Wingstop Explores Buying its Own Chicken Facility

    The end goal is to reduce volatility of bone-in wing prices for franchisees and gain better control of the supply chain. 

    Fast Casual | May 18, 2022 | Ben Coley
    Wingstop exterior.
    Wingstop
    One facility would account for 20 percent of overall wing buy.

    Wingstop knows what it takes to reduce future volatility of wing prices, and one plan isn't enough. 

    CEO Michael Skipworth said it will likely require a combination of methods. Thus far, it's been price mitigation strategies with the company's largest poultry suppliers and use of the whole bird, like virtual concept Thighstop and testing of chicken sandwiches using breast meat. 

    The next step, which the chain recently revealed at its Investor Day, is potentially co-investing in a poultry production plant. After that, it's acquiring a facility. Wingstop would set it up with initial capitalization and sell it to a co-op managed by franchisees so the fast casual maintains its asset-light model. Longer-term, the idea would be for the company to build a facility of its own.

    It's important to note, however, that one poultry complex would account for just 20 percent of overall wing buy, meaning a significant portion would still come from existing supply partners. 

    The company worked with third-party experts to understand what it takes to run a poultry plant, and it found bone-in wing prices are more stable and predictable, ranging from $1.60 to $1.80 per pound. 

    Wingstop chart.

    Skipworth said there's a short list of potential acquisitions, but he had no specifics on timing. He noted the brand left "a little bit of excess cash" on the balance sheet to put itself in an opportunistic position. 

    "We've built a very detailed working model that takes all the various inputs that are involved in growing and harvesting a bird as well as all the feed and input costs and the financial implications of operating a poultry complex," the CEO said during the fast casual's Investor Day. "And we feel as though our strategy has been validated by the experts."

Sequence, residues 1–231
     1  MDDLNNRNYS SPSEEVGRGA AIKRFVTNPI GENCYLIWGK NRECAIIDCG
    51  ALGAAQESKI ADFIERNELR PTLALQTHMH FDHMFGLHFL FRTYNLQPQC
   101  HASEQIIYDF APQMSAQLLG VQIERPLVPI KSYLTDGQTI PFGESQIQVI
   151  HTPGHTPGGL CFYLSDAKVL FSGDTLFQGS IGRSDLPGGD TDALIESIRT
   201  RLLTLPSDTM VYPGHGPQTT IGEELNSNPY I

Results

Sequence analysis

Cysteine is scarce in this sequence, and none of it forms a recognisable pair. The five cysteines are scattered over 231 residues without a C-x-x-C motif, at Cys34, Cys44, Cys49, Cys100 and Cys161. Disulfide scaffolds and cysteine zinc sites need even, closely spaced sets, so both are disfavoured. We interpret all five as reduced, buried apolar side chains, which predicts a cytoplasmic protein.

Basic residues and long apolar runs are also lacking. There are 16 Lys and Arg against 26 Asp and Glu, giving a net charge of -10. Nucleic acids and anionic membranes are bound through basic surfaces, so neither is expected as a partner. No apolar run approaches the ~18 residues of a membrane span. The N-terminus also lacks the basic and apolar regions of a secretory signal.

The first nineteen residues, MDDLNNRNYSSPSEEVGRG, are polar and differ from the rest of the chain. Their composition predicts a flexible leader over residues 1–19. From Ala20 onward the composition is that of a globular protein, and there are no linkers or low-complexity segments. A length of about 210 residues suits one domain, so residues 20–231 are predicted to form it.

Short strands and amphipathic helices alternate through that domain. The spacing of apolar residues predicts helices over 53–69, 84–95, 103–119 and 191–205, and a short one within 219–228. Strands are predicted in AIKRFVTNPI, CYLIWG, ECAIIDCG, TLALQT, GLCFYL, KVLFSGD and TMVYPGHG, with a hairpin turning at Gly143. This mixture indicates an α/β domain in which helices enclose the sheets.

Former Wingstop CEO Charlie Morrison told analysts in November the company was working with franchisees to gain more control of its supply chain, with the goal of creating predictable food costs for operators. At the time, the average spot price for bone-in wings reached a record $3.22 per pound, an 84 percent increase year-over-year. But thanks to price mitigation agreements with suppliers, the effective increase was just 49 percent. 

    READ MORE: Wingstop's COVID Journey Gets Bumpy, but Not Uncomfortable

    Recently though, the chain has experienced relief, with wing prices deflating to $1.64 per pound on the spot market. The company paid 14 percent more for wings in Q1 year-over-year, but that’s due to lapping lower prices in the early part of the quarter. As Wingstop exited Q1, prices “declined dramatically and continue to provide a tailwind,” said CFO Alex Kaleida.

    Wingstop chart.

    Wingstop chart.

    The chain's objective is to keep inflation from skyrocketing like it did last year. 

    "We know that if we can minimize the volatility that our brand partners see in food costs that the pace of development will only accelerate," Skipworth said. 

    The more favorable commodity environment encouraged Wingstop to increase its 2022 unit development benchmark to more than 220 net new restaurants, which would smash last year's record-breaking 193 net new openings. This puts the chain on pace to surpass 2,000 restaurants worldwide in 2023. 

    Wingstop already opened a Q1 record 60 net new locations. The brand finished the quarter with 1,791 stores, including 1,588 in the U.S. and 203 internationally. The long-term goal is to reach 7,000 restaurants across the world, up from the previous benchmark of 6,000.

    "Cash flows for our brand partners are extremely strong right now,” Skipworth said earlier this month. “And I've recently spent a bit of time out in market visiting with brand partners, and hearing the sentiment and the excitement about growing with Wingstop was extremely encouraging and gives us a lot of confidence in what's in front of us and the ability to deliver a record development here in 2022.”

    The fast casual wants to reach $2 million AUV, up from its current $1.6 million, fueled by menu innovation, delivery, and digital. It will also be backed by Wingstop's plan to consolidate local ad spend into one national fund. The company said this move, along with system sales growth, should increase national media spend to more than $120 million this year, up from roughly $85 million in 2021 and $41 million in 2018, according to a note from BTIG analyst Peter Saleh. 

    Wingstop's same-store sales increased just 1.2 percent in Q1, it's lowest quarterly performance since COVID began. It plans to rectify sluggish sales growth by reopening dining rooms and passing along deflation to consumers in the form of value.